I think the first map he made for Doom was E1M2, not E1M7. Sandy Petersen wanted to make E1M8 (since it was the "boss map"), so Romero didn't even get a chance to make a boss map until he made Tech Gone Bad in 2016 (and that shouldn't be taken to be a representation of what he would have made in 1993). Of the original (non-Episode 4) Doom levels, the last one he made was E1M1; that is true.

 

By the way, when I saw the thread title, I thought you were going to talk about the design rules that Romero either documented or that have been attributed to him. 

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Well I had heard a long time ago that he made the first level last. That way you're used to the tools by the end of the project and you want to put your best foot forward, especially in the shareware days.

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He did definitely make E1M1 last, that's well known.  Could it be this is an incorrect extrapolation of that?

 

 

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1 hour ago, MetalDoomGuy said:

 <VIDEO>

heres the video I don't remember exactly where he said it though

 

OK. I watched the video. The second half of the video talks about Romero's rules and at ~19:15 or so, the author starts to talk about how Romero found it effective to start at the last map and work backward so that his level design got better and better until the last map he made, which ended up being the first level of the game, was the best. So, I can understand where your thought comes from, because the author of this video clearly says it. Where the author of this video got that remark must be, as Bauul pointed out, an incorrect extrapolation of Romero's statements that he made E1M1 last.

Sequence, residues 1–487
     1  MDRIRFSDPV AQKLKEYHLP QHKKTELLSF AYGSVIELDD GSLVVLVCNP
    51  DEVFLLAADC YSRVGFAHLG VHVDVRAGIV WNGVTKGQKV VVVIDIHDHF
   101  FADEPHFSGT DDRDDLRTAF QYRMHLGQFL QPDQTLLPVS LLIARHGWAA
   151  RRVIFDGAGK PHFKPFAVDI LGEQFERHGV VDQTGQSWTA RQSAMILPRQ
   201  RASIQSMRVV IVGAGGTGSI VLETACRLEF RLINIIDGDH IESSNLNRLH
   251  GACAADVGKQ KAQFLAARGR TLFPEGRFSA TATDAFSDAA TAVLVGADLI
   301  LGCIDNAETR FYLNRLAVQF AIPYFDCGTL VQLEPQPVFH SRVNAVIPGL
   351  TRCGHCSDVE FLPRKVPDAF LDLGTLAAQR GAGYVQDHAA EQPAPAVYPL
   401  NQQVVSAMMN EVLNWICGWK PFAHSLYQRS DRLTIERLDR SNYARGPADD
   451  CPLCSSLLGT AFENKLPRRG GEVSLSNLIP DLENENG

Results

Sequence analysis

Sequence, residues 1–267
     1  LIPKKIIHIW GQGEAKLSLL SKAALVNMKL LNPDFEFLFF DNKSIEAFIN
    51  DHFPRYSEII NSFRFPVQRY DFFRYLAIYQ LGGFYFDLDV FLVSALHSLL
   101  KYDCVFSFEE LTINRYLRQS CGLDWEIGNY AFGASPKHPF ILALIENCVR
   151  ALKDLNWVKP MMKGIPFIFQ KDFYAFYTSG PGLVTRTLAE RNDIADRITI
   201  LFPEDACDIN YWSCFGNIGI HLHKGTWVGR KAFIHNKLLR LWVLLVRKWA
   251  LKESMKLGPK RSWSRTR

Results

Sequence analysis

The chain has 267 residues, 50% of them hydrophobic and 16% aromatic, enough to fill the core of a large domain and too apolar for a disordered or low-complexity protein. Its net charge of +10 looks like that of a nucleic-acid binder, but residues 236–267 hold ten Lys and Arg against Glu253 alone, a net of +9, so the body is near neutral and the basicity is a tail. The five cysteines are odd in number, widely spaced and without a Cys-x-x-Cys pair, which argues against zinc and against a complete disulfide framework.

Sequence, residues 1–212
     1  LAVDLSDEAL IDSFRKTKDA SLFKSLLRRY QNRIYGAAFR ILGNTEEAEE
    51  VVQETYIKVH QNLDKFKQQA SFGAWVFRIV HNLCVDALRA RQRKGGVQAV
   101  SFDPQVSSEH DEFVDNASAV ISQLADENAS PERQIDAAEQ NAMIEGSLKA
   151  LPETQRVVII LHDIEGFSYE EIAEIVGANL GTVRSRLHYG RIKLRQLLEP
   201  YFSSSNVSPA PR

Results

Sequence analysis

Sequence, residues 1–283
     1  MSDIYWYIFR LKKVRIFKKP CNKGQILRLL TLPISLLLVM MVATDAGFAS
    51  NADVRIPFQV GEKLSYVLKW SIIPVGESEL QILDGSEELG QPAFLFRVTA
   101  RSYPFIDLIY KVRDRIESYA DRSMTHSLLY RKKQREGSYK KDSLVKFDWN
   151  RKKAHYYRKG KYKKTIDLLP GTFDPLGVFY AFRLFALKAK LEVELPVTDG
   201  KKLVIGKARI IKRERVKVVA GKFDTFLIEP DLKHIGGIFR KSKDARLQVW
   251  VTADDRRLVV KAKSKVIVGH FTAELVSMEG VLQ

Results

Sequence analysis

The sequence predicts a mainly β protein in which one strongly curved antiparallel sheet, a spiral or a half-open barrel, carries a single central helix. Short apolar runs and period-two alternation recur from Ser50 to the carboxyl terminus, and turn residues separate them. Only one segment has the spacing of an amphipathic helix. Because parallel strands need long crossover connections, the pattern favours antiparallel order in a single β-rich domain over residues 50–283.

I suggest you watch the Devs Play series with Romero playing Doom and talking about it with JP Lebreton (Part 1 is below, but there are 11 parts total). The video of Romero playing Doom with IGN isn't bad, either, but I personally prefer Romero and Lebreton because it's two professional game developers talking about game design and related matters.

 

Incidentally, in Part 2, he says that one of the golden rules of level design is to finish the first level last. He actually started E1M1 rather early.

 

 

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On 10/2/2018 at 2:29 PM, geo said:

Well I had heard a long time ago that he made the first level last. That way you're used to the tools by the end of the project and you want to put your best foot forward, especially in the shareware days.

 

That one especially seems sensible, to start with the last level backwards and work your way to towards making the first level last. Not necessarily in an exact order, but to make sure that you know everything you want the game to possibly have by the end and then systematically remove them as you go to ease it in.